(Reuters) - About 120 U.N. world leaders are aiming to try to end deadlock at a U.N. climate summit in Copenhagen that is meant to agree a new deal on Friday for fighting global warming.
Following are possible scenarios:
WHAT‘S THE STRONGEST POSSIBLE OUTCOME?
The most robust would be legal texts including deep cuts in greenhouse gas emissions by developed nations by 2020, actions by developing nations to slow their rising emissions, and a package for finance and technology to help poor nations. Almost all nations reckon that a legal text is out of reach.
World leaders could agree only what they call a “politically binding” text and try to set a deadline for transforming it into a full legal text sometime in 2010.
The easiest global goal would be to agree to limit global warming to a maximum temperature rise of 2 Celsius above pre-industrial times. The poorest nations and small island states want a tougher limit of 1.5 Celsius. A big problem is that a temperature goal does not bind individual nations to act.
A slightly firmer, but still distant, target is to agree to at least to halve world greenhouse gas emissions by 2050. But China and India and other developing nations have opposed such a goal in the past, saying rich nations first have to make far deeper cuts in their emissions by 2020.
They would have to set deeper cuts in greenhouse gas emissions in the years until 2020. A U.N. panel of climate scientists suggested in 2007 that emissions would have to fall by between 25 and 40 percent below 1990 levels by 2020 to help avert the worst of climate change, such as more droughts, species extinctions, floods and rising seas. Industrialized nations’ offers of cuts by 2020 so far range from about 14 to 18 percent.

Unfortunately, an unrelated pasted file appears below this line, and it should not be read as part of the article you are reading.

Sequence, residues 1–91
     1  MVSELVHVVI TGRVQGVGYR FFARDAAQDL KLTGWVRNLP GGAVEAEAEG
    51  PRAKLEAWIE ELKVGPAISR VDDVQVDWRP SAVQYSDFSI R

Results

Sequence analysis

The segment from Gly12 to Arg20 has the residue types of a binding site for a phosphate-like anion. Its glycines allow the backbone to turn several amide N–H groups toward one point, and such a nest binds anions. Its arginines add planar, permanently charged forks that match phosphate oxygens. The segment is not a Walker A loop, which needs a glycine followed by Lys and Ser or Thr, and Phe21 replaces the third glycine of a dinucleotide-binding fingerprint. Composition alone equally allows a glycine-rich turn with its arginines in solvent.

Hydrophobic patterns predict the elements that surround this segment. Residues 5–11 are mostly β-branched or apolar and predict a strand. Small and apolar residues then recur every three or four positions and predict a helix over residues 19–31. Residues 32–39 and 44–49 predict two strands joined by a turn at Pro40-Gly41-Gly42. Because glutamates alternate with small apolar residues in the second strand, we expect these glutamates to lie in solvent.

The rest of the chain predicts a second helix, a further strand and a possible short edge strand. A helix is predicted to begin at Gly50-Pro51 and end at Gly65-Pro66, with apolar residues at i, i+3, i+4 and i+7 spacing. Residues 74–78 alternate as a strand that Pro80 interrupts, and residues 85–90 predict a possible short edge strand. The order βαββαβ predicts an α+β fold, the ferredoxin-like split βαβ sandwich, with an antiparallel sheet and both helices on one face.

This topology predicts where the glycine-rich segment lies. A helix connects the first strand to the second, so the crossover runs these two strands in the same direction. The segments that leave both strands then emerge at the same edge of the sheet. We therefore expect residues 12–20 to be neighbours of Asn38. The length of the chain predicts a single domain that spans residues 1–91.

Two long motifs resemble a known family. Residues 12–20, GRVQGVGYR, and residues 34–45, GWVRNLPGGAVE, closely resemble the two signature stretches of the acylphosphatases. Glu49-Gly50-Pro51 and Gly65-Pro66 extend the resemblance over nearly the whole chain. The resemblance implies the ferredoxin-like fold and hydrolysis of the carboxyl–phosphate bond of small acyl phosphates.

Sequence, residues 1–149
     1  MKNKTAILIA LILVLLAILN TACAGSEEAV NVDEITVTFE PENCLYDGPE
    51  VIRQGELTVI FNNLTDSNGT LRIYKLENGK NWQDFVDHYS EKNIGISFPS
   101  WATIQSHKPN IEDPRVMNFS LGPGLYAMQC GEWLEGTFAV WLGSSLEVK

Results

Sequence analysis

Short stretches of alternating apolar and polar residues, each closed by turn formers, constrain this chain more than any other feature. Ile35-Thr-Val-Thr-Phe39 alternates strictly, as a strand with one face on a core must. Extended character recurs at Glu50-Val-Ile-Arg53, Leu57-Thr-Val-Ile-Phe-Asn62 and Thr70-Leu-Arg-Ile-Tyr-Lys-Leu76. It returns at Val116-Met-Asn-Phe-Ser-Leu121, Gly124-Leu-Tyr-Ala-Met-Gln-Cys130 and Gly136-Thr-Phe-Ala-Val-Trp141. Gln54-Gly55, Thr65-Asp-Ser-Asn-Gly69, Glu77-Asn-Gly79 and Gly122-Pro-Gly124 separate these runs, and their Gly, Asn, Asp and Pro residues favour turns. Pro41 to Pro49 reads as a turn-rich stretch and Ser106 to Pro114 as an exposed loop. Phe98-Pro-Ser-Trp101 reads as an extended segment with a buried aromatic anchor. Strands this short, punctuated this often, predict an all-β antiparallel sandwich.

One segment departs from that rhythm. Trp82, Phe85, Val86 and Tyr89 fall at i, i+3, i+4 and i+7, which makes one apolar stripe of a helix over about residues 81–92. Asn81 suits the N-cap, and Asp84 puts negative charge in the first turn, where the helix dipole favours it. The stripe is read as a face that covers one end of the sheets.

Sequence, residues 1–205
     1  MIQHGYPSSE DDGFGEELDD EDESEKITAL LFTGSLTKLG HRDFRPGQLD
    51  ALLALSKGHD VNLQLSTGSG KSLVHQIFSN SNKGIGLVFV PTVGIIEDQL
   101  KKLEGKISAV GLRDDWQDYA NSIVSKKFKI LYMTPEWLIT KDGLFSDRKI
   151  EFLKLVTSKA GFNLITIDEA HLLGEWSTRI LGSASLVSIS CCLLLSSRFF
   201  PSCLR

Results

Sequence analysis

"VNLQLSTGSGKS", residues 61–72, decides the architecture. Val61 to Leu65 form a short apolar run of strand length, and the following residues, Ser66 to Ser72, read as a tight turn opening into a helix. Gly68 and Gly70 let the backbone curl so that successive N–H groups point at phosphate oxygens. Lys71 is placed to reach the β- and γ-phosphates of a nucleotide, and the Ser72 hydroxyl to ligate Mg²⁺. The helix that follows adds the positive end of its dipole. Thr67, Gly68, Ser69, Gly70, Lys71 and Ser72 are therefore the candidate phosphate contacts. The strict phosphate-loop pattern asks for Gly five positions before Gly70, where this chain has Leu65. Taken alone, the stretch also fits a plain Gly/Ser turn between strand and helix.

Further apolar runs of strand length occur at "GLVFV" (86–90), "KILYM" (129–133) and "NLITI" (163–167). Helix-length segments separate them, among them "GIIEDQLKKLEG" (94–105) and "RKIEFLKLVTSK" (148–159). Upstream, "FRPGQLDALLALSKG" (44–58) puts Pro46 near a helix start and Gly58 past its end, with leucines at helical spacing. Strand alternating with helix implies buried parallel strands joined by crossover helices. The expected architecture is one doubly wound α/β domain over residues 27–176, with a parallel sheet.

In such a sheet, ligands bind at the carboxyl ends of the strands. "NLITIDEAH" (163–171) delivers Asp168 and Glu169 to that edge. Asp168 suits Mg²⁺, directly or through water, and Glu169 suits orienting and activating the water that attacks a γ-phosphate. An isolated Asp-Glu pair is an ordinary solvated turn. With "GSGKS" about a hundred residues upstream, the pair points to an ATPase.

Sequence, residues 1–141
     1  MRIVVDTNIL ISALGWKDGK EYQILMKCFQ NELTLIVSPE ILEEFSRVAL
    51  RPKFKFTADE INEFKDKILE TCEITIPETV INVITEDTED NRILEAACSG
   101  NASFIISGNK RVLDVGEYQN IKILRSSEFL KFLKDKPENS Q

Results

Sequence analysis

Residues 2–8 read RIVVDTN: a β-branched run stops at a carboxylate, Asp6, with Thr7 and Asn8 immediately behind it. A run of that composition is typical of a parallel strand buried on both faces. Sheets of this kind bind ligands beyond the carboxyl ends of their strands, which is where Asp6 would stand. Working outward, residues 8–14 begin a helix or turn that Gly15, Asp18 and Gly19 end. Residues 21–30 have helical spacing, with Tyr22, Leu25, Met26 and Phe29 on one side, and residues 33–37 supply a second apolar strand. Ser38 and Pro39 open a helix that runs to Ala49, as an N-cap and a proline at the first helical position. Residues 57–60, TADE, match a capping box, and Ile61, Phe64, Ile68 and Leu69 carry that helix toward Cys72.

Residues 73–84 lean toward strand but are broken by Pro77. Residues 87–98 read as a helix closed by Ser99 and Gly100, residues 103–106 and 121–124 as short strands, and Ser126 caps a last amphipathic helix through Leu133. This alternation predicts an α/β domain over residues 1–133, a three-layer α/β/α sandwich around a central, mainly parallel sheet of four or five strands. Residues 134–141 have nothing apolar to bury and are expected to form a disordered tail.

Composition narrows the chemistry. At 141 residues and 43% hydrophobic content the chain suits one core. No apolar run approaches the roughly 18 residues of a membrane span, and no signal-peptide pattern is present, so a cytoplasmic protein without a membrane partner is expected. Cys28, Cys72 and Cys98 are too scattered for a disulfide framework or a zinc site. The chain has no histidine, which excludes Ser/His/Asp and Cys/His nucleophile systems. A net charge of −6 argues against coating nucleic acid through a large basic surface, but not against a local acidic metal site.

They would have to commit to a “substantial deviation” to slow the rise in their greenhouse gas emissions below projected growth rates by 2020, for instance by shifting to more use of solar or wind power and away from coal-fired power plants.
The latest text is blank on the amounts to be committed. The United Nations wants to raise at least $10 billion a year from 2010-2012 in new funds to help kickstart a deal to help developing nations. Many nations also speak of raising the amount to $100 billion a year from 2020 to help the poor.
One option if the talks end in deadlock is to “suspend” the meeting and reconvene sometime in 2010 -- a similar deadlock happened at talks in The Hague in November 2000. A full breakdown in talks could deepen mistrust between rich and poor nations and undermine confidence in the U.N. system. It would probably also halt consideration by the U.S. Senate of legislation to cap U.S. emissions -- other nations’ goals might in turn unravel.